A bit of a follow-up to last week’s fantastic post on Kierkegaard and imputation. It’s doozy of a quote on perfect, one-way, love:

“To be able to love a person despite his weaknesses and defects and imperfections is still not perfect love, but rather this, to be able to find him lovable despite and with his weaknesses and defects and imperfections. Let us understand each other. It is one thing fastidiously to want to eat only the choicest and most delectable dish when it is exquisitely prepared or, even when this is the case, fastidiously to find one or another defect in it. It is something else not merely to be able to eat plainer foods but to be able to find this plainer food to be the most exquisite, because the task is not to develop one’s fastidiousness but to transform oneself and one’s taste.”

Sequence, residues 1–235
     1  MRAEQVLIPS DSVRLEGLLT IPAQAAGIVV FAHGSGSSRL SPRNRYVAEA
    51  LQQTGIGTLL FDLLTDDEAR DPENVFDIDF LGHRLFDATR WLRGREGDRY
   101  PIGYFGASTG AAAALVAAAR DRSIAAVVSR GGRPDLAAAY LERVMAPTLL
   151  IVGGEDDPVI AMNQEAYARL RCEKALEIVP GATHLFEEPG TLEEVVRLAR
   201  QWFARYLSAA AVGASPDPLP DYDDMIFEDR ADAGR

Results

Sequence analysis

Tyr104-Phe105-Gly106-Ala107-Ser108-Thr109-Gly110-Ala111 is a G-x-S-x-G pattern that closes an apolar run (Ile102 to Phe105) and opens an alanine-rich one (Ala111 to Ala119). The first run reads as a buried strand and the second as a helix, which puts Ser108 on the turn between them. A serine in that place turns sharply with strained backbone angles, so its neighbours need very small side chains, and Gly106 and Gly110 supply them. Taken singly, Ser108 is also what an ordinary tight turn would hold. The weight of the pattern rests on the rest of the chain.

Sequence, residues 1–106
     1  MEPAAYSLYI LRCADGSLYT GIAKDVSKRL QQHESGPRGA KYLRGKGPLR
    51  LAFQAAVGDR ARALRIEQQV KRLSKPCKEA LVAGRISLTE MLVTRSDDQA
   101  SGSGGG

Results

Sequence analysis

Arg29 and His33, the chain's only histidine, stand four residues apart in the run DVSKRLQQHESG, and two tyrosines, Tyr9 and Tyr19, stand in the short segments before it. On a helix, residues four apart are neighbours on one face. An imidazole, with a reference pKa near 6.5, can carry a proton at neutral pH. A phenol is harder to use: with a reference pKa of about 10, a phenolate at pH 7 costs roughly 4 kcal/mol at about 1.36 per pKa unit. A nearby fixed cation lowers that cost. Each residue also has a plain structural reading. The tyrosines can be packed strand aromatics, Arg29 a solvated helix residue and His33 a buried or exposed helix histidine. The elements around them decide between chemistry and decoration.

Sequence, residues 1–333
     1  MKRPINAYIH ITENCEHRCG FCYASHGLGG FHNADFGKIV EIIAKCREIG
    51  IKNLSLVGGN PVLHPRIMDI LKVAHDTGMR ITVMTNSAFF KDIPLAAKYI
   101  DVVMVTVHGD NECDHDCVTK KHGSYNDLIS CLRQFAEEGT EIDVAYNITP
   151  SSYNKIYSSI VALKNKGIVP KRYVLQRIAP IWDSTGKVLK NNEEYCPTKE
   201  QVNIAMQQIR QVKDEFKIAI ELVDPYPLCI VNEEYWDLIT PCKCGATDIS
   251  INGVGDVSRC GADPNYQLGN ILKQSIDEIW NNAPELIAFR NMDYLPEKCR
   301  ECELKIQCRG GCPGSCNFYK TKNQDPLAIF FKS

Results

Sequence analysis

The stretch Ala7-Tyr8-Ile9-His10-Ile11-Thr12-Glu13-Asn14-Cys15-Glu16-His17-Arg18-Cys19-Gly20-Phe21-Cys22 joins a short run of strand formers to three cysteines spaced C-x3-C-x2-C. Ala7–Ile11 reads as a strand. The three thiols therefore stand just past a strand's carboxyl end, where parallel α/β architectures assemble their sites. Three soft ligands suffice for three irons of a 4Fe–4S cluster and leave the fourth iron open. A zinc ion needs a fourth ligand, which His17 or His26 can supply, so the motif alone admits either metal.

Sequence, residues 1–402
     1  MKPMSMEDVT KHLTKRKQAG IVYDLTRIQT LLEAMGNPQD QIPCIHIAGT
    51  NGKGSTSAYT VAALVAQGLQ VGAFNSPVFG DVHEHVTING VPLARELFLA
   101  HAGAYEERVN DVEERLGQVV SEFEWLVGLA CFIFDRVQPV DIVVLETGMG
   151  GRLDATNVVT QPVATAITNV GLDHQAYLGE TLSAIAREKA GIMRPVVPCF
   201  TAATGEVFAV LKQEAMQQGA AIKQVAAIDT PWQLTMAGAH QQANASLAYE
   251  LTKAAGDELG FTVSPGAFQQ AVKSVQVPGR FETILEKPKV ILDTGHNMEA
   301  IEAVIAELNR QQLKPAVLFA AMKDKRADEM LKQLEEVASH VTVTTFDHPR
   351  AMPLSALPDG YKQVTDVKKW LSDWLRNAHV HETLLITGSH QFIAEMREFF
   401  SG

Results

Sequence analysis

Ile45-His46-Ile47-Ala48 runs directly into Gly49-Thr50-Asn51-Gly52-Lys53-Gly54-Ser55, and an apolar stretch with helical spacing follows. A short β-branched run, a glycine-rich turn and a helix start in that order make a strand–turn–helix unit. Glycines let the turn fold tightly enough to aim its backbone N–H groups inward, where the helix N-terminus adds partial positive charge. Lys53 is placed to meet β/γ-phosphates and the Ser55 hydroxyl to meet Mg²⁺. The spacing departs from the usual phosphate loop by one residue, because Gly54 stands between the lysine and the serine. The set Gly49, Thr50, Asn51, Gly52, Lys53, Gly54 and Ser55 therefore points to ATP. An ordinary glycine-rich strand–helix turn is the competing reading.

-Søren Kierkegaard, Works of Love, p. 157-8